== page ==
Billy Strings Kicks of Streaming Strings Tour at Nashville’s Brooklyn Bowl (SHOW REVIEW)

Billy Strings kicked off his Streaming Strings tour – a nine-show run of crowd-free virtual performances at various Nashville venues – from the Brooklyn Bowl Nashville last night. The two-set performance, Strings’ first public appearance since March 1st, featured material that ran the gamut from traditional to progressive and included a brief guest appearance from guitarist Marcus King.

Despite the fact that Strings and his remarkably impressive ensemble – consisting of Billy Failing (banjo), Royal Masat (bass) & Jerrod Walker (mandolin) – had not physically been in the same room with each other in several months due to COVID-19 induced travel & social gathering restrictions, there were little to no signs of any rustiness whatsoever from the talented quartet. Vocal harmonies were incredibly tight throughout the entire two-and-a-half-hour performance, as was the interplay between the prodigious musicians.

Strings & Co. Opened things up with the exceptionally appropriate “Watch it Fall”, which carried significant weight as the guitarist sang the poignant lyrics – “Our heads are buried in the sand / Our leaders dug the hole” – to an eerily empty room. A rousing take on Leroy Drumm/Cal Freeman’s “Slow Train” was up next, followed by String’s tender prison-ballad “While I’m Waiting Here.” The band then preceded to tear through a pair of traditional bluegrass mainstays – “Doin’ My Time” (Flatt & Scruggs), “I’m Goin’ Fishing” (Doc Watson) – before slowing things down for a gorgeous rendition of the Grateful Dead’s “China Doll.” Strings’ breathy vocals perfectly match the fragile tone set by Robert Hunter’s masterful lyrics, making it impossible not to get chills hearing him belt out the singular line “Just a little nervous from the fall” during the song’s emotional climax. 

The Billy Failing original “So Many Miles”, which showcased the banjoists unique (but strong) vocal stylings, also featured the first intense dissonant instrumental section that has become the group’s trademark sound. Walker’s adroit mandolin skills led the initial jam, which ultimately bubbled up into a cacophony of controlled musical chaos before giving way to a lively solo from Strings who guides his bandmates through a seamless segue into his ominous original “Dealing Despair.” The first set wrapped up with a pair of songs from Strings’ latest studio offering Home. The sorrowful “Enough to Leave”, Billy’s heartfelt ode to some late friends lost due to the ravages of hard-drug use, featured a tasteful distorted guitar solo reminiscent of the album version while a red-hot psychedelia-tinged version of “Away From the Mire” finished things off before a brief twenty-minute intermission.

The group wasted no time getting the streaming audience’s blood pumping again with a spirited take on Strings’ fan-favorite “Dust in a Baggie” before settling in with his progressive instrumental “Pyramid Country.” This version of “Pyramid”, which was dedicated to Failing’s dog “Charlie”, features a deep & exploratory jam that contained hints of the Grateful Dead’s “The Other One” before segueing nicely into J.J. Cale’s funky “Ride Me High”, resulting in a near-twenty minute segment that ultimately came to anchor the second set. A quick take on another Home track, “Must Be Seven” preceded the evening’s much-anticipated collaboration with Marcus King.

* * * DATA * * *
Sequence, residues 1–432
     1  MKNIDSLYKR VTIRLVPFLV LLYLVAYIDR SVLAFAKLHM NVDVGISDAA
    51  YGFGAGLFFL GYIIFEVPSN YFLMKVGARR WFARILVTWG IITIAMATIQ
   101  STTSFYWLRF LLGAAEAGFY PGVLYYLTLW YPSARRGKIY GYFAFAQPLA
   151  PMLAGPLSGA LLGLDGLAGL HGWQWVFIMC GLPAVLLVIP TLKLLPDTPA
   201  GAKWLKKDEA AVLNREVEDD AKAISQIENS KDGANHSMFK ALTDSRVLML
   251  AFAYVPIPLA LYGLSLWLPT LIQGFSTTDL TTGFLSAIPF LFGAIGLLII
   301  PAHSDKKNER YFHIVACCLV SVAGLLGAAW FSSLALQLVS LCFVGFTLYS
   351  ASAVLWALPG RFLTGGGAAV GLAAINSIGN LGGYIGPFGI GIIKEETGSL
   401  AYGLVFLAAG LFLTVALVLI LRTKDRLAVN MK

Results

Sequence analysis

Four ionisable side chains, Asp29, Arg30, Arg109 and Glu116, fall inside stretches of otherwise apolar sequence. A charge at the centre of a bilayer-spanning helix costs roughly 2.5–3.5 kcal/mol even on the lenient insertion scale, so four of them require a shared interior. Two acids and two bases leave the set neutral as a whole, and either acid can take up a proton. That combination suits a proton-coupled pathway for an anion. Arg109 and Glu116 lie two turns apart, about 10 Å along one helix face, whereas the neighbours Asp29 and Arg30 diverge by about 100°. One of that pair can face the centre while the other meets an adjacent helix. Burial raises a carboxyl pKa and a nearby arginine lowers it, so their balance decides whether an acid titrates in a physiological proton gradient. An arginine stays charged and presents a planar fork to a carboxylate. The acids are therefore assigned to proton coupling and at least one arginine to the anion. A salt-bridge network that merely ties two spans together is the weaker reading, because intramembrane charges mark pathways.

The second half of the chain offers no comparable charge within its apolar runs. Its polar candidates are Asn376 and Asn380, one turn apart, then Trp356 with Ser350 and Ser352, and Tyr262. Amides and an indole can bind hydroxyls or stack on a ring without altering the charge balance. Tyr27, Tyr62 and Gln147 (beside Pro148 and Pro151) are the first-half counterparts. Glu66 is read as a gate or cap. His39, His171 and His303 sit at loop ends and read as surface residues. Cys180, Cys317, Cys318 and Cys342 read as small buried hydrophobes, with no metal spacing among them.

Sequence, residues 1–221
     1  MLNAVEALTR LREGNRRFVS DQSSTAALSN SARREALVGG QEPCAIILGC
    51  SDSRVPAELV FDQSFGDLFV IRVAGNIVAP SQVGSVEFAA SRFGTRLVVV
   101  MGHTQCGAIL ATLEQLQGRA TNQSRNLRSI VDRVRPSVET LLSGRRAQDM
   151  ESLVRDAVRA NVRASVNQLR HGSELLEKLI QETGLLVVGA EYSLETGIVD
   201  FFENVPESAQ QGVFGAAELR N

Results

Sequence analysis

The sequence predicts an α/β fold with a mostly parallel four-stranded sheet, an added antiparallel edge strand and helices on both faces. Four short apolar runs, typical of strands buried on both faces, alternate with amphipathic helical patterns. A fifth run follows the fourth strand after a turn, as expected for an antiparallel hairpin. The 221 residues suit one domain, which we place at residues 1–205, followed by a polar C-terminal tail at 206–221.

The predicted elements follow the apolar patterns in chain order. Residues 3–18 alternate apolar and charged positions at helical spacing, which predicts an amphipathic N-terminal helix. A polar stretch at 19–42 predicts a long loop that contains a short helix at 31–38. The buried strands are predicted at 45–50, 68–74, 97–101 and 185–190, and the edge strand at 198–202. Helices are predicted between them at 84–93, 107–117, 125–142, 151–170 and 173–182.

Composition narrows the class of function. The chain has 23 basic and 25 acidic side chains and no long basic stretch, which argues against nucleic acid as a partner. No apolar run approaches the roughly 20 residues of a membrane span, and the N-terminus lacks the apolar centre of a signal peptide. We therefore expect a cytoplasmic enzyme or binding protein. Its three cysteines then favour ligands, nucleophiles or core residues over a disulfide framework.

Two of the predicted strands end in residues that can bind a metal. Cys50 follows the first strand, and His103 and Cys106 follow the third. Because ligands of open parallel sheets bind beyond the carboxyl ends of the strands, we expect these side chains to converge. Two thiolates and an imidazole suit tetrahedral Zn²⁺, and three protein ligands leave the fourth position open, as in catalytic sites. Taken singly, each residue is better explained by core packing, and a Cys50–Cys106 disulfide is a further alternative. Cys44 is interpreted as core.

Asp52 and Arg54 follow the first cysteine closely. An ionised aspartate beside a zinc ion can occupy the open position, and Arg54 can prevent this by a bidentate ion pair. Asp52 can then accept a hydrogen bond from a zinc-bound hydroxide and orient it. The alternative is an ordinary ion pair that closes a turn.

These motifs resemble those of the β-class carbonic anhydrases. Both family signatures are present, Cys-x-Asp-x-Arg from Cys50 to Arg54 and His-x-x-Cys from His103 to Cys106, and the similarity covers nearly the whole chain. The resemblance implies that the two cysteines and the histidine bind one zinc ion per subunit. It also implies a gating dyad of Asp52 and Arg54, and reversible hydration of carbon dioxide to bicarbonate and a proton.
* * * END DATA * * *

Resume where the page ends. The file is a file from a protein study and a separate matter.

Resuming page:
Eschewing his trademark Gibson guitar that he has primarily used during the duo’s previous King & Strings collaborations, Marcus came out donning an acoustic guitar as the newly-formed quintet started George Gershwin’s timeless classic “Summertime.” As with all previous joint efforts between the two young musicians, King’s bluesy guitar stylings mesh perfectly with Strings’ group, sounding as if he has been playing with this group every step of the way since their inception. King then took to the mic to perform lead vocal duties on Jimmy Reed’s infamous blues number “Big Boss Man.”

King’s fruitful – albeit somewhat abbreviated – appearance was followed by a fiery pair of covers, “Ernest T. Grass” & “Little Maggie” to close out the evening.

While there is obviously no substitute for seeing live music in person, last night proves that virtual live streaming can successfully be utilized as a more-than-acceptable medium until things (hopefully) return to normal. Though Strings repeatedly lamented throughout the night about the lack of a live audience – “Doesn’t smell like hippies enough” & “We miss the pleasant aroma of marijuana being smoked on the rail” were among his better lines – it clearly did not affect their playing at all. 

In person or not, Billy Strings is back. And in these extraordinarily dark & uncertain times, that is all one can really ask for. 


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